Inside Sydney's new Outsider art centre

Outsider Art is enjoying increasing attention in Australia. STOARC – the Self-Taught and Outsider Art Research Collection – at the University of Sydney opened its public face at Callan Park Gallery in March 2009.

Gerard Sendrey Effect of the Breast 2009.

Outsider Art is enjoying increasing attention in Australia. Recent exhibitions like 'Without Borders' and 'Australian Outsiders' were enthusiastically received, and a show at the Orange Regional Gallery in late 2008 'American' and 'European Outsiders' spanned the range of Outsider Art's reach. From classics like the spiritualist Madge Gill and self-taught genius Scottie Wilson through more recent additions to the field like Rosemarie Koczÿ, Malcolm McKesson and Roy Wenzel, it was a taste of the global phenomenon that is Outsider Art building on two decades of visionary programming of Australian outsiders by the gallery’s director, Alan Sisley along with other pioneers, Terence Ralphs, Rosemary Jeffers, John Blades, Philip Hammial and Peter Fay. It was also the signal shot for the foundation a few months later of STOARC - Self-Taught and Outsider Art Research Collection – at the University of Sydney.

Conceived as an international centre for academic study, dissemination of knowledge and promotion to the wider community in Australia and internationally, STOARC has in the first few months of its existence, brought four exhibitions of internationally prominent outsiders to its public face, the Callan Park Gallery, located in Sydney College of the Arts at the University’s Rozelle campus. One of Britain’s best known outsiders, Albert Louden had his first Australian outing at the Callan Park Gallery in May. And two of the stars of the Herenplaats Atelier in Rotterdam, Hans Hartman and Paulus de Groot followed a month later in a show that also saw the debut of Sydney artist, Lynda Strong.

Self-Taught and Outsider Art (the terms are often interchangeable) is produced by people in some way excluded from the mainstream art world. The field is made up of a mixture of socially and culturally marginal figures who embrace or inhabit unconventional or eccentric worldviews. They sometimes embody cultural positions that seem 'other’ to prevailing social norms, and often (though by no means always) live with diagnosed mental health conditions – it’s true, for example, of Koczÿ, but not Louden. Callan Park’s history since 1878 as the site for a major psychiatric hospital (originally named the Callan Park Hospital for the Insane), and the subsequent use of the original nineteenth-century buildings by one of the nation’s leading art schools since 1998, lends a poignancy to the location and name of the new Callan Park Gallery which is devoted to showing art that occupies that space between the artistic mainstream and those groups cast beyond the pale.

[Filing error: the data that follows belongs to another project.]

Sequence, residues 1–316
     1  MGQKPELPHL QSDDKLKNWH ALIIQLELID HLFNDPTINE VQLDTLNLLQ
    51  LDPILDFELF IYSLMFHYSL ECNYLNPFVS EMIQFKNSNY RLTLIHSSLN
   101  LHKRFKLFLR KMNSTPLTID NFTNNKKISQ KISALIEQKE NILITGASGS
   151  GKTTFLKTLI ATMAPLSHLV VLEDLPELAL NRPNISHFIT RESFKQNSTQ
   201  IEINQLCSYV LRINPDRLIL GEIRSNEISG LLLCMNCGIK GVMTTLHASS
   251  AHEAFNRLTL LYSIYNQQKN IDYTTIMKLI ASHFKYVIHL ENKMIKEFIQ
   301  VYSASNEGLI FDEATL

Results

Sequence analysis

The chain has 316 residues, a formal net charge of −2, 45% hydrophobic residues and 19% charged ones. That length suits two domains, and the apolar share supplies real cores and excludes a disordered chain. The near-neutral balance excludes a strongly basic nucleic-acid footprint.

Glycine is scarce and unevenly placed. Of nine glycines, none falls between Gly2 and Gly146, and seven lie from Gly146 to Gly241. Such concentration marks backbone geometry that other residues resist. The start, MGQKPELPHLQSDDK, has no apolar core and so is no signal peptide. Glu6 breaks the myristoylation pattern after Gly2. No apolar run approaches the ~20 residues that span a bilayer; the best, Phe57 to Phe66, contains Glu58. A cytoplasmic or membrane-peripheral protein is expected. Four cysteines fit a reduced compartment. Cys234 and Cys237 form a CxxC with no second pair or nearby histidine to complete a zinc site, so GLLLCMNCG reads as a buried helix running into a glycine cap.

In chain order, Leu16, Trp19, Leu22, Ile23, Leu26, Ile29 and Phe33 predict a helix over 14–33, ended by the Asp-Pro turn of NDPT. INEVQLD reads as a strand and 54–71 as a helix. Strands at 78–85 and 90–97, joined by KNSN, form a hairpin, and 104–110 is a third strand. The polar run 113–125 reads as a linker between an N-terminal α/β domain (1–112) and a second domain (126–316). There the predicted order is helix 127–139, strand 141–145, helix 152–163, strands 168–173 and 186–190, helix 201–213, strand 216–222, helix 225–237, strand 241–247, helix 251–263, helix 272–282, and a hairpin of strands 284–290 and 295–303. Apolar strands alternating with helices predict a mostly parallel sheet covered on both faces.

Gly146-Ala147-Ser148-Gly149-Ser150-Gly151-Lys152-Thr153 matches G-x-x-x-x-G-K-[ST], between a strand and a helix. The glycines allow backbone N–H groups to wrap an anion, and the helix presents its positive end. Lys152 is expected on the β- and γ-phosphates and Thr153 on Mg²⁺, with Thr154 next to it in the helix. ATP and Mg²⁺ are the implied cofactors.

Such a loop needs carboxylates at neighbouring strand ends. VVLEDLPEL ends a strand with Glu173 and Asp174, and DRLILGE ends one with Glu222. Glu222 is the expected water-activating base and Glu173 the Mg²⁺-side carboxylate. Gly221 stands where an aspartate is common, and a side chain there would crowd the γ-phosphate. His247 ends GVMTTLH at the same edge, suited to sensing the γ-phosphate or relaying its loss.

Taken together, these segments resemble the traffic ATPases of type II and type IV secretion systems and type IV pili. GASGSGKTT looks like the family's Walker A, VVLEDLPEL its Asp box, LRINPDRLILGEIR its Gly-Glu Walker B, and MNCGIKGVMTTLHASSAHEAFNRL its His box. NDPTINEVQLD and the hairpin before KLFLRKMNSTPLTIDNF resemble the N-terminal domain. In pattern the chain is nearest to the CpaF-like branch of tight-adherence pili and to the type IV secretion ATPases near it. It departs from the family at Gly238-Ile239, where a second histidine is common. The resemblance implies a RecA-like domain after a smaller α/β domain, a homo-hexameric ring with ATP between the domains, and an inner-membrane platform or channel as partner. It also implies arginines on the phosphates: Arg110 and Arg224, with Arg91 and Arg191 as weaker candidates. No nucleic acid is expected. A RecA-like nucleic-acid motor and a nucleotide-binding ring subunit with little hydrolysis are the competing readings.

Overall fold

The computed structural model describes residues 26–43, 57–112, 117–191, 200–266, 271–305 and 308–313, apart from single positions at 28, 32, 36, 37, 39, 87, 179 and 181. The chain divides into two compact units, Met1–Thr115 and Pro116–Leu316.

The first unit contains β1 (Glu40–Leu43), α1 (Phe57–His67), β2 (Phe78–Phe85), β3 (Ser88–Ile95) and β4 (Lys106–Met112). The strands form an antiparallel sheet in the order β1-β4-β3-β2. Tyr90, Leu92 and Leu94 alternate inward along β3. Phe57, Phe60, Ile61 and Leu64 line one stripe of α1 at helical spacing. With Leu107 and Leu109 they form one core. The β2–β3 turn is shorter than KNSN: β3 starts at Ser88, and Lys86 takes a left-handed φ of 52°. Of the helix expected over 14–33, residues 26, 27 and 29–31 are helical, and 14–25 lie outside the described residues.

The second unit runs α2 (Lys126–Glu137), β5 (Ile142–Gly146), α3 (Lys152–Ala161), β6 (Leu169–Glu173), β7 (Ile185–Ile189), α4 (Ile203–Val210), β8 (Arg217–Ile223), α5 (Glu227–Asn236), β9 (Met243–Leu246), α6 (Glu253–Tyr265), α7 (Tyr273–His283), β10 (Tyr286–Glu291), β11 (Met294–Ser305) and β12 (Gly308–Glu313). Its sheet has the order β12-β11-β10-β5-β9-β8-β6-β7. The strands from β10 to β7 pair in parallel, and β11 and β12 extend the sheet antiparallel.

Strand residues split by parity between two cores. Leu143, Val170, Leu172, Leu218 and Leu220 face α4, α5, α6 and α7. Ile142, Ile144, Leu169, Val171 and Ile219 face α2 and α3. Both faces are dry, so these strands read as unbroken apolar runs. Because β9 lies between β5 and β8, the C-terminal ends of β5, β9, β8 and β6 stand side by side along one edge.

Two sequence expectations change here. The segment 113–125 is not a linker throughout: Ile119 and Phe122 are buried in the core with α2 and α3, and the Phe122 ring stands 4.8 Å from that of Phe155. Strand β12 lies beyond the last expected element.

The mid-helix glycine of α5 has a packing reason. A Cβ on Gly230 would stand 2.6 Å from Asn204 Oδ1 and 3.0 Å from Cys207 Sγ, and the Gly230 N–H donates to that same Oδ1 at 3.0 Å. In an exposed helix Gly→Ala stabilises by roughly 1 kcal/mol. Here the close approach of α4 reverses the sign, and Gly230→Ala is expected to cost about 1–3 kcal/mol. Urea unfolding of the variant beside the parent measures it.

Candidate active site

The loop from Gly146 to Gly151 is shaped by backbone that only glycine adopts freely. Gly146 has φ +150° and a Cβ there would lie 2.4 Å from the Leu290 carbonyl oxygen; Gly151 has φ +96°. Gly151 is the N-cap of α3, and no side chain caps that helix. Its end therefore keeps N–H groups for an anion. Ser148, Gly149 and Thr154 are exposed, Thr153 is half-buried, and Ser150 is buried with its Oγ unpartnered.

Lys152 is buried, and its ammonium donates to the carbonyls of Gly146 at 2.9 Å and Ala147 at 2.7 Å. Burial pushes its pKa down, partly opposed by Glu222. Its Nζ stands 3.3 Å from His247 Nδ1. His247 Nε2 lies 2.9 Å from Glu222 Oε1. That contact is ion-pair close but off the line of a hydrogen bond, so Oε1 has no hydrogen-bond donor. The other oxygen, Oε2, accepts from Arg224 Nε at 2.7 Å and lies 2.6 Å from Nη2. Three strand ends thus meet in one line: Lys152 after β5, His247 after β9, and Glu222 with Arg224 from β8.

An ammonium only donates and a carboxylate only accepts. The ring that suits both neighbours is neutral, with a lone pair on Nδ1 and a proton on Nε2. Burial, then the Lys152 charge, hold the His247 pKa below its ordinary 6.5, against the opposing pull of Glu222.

Over the last 100 years it has been largely mainstream artists like Paul Klee, Arnulf Rainer and Jim Nutt and, to a lesser extent, psychiatrists like Walter Morgenthaler and Elke Spoerri who promoted the concept of Outsider Art. The most influential of these is probably Jean Dubuffet who coined the term 'Art Brut' in the 1940s to describe the work he collected, by a mixture of long-term psychiatric patients, mediums and self-taught social isolates. By the time of his death in 1985 others, such as artists with intellectual disabilities, had been added to his anti-cultural canon. The Outsider Art label itself can be dated to the publication of British academic Roger Cardinal’s 1972 book 'Art Brut.'

The STOARC collection began with the acquisition of the highly significant work of Portuguese outsider, José Dos Santos (1904-96), thanks to the philanthropy of Sydney curator and collector Peter Fay. Australia is now home to almost all of the surviving sculpture of this remarkable artist who spent his entire life in the small village of Arega. He could neither read nor write and was completely self-taught as an artist. Yet, in the last years of his life he produced amazing, powerful sculptures some of which formed the inaugural exhibition at the Callan Park Gallery in March 2009. One room was devoted to a group of large musicians and three hand-made instruments that demonstrate the bricoleur’s art at its best. In the other room were major figure sculptures, including an enigmatic Janus-faced hermaphrodite.

Work will continue to be added to the research collection which is accessible to Australian as well as overseas scholars. Dos Santos has been quickly followed by the donation of Pearls of Arts Project Australia, consisting of some 180 works by artists working in Arts Project Australia in Melbourne and representing a decade of passionate collecting by Stuart Purves and an invaluable snapshot of the organisation and its artists in this period.

The Callan Park Gallery has a full program of exhibitions, including parts of the Peter Fay and Ray Hughes collections, French artist Gérard Sendrey and New Zealander Susan King. STOARC-related projects will include a survey of art made in ten studios at Arts Project Australia by artists with intellectual disabilities from three continents and an exhibition of the multilayered, jewel-like work of American self-taught artist, Ann Marie Grgich. 2009 will end with the triumphant return to Callan Park of celebrated Sydney outsider, Anthony Mannix, a former patient at the hospital.

The Callan Park Gallery

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